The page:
Monday, December 8, 2008

In Search Of Truth, Acts 19:1-20


When Paul arrives in Ephesus, he runs into some disciples. The term disciples means "learners", and doesn't necessarily refer to disciples of Jesus. These disciples were following what they knew of John the Baptist's teaching, which was focused on turning from evil and recognizing our need for the Messiah. Like Apollos, they were missing the most vital piece of the puzzle: Jesus.

Baptism is believed to have originated with the Jewish tradition of ceremonial washings. Gentiles converting to Judaism would be completely submerged in water to signify the washing away of their past and complete embracing of their new direction. For Jews to be baptized like this would be a big deal. They had understood themselves to be God's chosen people for so long that a sense of entitlement had developed in many of them. Being baptized in the name of Jesus would strongly indicate that their former way of life was not sufficient and they were abandoning it in favor of something new.

So when the Holy Spirit enters into these disciples in verse 6, it is not because they were submerged in water in verse 5 or because Paul laid his hands on them in verse 6 (although evidence of the Holy Spirit appeared at that time.), but because they genuinely believed that Jesus is the Messiah as described in the Old Testament. All those who put their trust in the divine identity of Christ are given the Holy Spirit to live in them.(1 Corinthians 12:13) The difference, as we see here, is how the Holy Spirit gives evidence of himself in each individual believer.

Again, Paul follows his pattern of trying to reach the Jews first, and then the non-Jews. (v.8-10) God used him to do extraordinary miracles and Paul became so respected that people even took articles of his clothing and used them to heal the sick. God may have honored these somewhat superstitious practices with healing to draw attention to Paul's teaching, but we can't know for sure.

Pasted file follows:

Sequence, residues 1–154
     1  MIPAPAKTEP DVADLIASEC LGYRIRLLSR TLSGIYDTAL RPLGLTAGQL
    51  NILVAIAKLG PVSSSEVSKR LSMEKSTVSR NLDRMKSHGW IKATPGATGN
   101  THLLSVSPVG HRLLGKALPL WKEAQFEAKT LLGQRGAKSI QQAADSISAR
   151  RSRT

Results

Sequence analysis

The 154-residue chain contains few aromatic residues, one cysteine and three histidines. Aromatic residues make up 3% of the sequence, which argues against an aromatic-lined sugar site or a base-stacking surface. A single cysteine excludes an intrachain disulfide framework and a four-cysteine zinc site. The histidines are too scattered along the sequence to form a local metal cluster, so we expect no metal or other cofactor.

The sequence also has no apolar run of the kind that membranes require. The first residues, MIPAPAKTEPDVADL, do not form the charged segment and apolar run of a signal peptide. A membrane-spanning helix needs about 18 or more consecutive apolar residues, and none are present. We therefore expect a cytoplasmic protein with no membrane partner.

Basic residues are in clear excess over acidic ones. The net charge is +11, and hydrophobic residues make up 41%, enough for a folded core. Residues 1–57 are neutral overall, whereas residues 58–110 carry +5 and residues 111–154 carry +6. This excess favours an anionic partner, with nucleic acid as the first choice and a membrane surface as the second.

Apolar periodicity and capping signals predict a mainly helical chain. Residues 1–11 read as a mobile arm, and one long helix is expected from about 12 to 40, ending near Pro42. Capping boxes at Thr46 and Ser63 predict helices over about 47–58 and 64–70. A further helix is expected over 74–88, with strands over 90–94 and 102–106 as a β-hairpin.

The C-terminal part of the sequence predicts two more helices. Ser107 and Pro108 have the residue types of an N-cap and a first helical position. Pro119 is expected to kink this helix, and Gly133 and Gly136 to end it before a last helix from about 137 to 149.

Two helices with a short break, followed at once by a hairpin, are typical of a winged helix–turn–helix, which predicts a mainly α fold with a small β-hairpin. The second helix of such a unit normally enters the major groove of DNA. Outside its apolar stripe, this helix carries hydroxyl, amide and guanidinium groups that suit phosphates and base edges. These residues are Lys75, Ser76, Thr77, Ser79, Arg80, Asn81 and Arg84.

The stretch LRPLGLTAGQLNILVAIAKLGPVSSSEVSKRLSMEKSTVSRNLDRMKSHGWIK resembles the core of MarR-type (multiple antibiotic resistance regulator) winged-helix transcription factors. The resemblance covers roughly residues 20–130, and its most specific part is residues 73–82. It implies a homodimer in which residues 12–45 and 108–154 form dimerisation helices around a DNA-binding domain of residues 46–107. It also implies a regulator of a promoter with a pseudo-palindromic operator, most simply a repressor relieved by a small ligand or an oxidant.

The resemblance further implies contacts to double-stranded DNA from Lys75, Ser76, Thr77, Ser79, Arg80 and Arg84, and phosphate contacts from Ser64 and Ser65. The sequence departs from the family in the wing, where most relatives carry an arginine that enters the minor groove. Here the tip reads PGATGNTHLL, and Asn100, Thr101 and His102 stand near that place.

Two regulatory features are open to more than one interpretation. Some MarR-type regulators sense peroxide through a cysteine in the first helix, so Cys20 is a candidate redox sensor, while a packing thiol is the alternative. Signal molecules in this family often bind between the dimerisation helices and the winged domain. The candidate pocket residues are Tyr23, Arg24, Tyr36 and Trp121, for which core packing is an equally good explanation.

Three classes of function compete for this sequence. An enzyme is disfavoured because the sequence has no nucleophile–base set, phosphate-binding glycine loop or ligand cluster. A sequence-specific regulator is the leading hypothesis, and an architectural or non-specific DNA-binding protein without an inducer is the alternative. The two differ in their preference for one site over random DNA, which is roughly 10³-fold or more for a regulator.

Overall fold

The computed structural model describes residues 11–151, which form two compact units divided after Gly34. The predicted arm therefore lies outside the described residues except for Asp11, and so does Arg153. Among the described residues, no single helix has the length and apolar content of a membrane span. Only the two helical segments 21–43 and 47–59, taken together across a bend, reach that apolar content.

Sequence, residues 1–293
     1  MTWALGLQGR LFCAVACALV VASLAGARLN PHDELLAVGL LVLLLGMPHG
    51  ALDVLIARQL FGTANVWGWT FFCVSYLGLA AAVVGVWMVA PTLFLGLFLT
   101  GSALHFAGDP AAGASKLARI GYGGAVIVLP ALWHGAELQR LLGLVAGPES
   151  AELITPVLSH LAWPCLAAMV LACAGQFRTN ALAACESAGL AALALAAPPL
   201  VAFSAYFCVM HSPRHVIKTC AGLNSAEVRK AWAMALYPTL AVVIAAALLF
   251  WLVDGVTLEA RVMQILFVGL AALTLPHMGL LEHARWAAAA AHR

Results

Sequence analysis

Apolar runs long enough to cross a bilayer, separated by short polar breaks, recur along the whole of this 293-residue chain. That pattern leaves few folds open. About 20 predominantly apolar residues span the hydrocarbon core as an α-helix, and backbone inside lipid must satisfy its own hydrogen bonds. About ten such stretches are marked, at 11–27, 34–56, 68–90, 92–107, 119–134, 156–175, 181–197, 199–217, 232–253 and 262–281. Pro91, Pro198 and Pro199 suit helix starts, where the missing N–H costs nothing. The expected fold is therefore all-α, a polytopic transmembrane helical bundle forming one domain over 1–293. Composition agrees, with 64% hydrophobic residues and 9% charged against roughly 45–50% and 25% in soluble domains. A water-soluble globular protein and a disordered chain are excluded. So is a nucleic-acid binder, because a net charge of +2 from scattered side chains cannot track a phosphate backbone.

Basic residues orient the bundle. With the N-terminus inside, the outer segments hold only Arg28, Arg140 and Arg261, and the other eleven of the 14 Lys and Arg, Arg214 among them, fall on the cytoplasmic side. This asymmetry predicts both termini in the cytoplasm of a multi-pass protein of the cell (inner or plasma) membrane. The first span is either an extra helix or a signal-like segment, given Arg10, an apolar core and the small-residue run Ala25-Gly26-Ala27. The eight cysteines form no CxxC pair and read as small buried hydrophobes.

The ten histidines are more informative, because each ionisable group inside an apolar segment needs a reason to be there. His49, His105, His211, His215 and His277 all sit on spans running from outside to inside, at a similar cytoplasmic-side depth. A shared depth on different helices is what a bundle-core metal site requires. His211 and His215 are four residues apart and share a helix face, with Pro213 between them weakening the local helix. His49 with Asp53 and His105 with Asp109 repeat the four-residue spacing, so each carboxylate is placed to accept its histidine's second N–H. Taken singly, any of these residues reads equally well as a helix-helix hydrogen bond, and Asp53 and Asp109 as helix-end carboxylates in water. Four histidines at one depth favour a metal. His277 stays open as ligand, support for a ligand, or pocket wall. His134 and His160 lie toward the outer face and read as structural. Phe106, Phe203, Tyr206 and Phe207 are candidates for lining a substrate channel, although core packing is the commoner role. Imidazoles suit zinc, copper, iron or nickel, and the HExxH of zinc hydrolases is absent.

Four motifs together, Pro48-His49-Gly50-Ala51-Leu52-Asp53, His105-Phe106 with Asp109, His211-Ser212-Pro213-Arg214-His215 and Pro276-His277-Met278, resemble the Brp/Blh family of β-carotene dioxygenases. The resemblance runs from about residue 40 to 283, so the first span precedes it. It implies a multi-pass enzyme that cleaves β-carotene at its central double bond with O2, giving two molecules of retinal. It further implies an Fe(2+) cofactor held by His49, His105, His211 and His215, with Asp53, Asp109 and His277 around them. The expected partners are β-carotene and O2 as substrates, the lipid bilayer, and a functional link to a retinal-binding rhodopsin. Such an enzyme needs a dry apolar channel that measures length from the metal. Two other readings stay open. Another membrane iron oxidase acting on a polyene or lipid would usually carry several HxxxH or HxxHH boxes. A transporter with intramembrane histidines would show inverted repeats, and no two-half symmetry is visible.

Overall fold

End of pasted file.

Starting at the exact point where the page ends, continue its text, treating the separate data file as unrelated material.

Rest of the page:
Those who practiced magic in this time period were known to believe that names gave them power. For example, knowing the "true name" of a spirit would give them power to manipulate that spirit. (This historical practice has also found its way into modern fictional representations of fantasy magic in a few instances.) These magicians even threw in the names of Jesus and Paul, as though by using their names they could harness more power. The response they received from an evil spirit is a little humorous: "I recognize Jesus, and I know Paul, but who are you?"

This little account should remind us that the name of Jesus is not in and of itself the source of power. It is the substance, the very person that the name represents that gives power. God doesn't want us to experience his power through removed superstitious mysticism, but through genuine belief and trust in him.

Paul's impact on this community expanded dramatically and many who were using magic gave up their practices, at significant financial cost to themselves! The total value of sorcerous materials burned in verse 19 represents about 137 years worth of wages! We don't know how many sorcerors contributed to this "book burning" but either way, the act represented a significant departure of the occult from the Ephesian culture and likely the economy as well.

Although not many of us practice real magic today, consider for a moment whether or not you could set aside financial security if it meant doing the right thing.

Paul stayed in Ephesus for about two years. During that time he wrote 1st Corinthians, which we will begin looking at next week!

Next Week: Paul begins teaching the Corinthians how to mature in their spiritual journey.

Coffee House Question

Why do you think many people look at the Bible from a superstitious distance instead of examining and trying to understand it?

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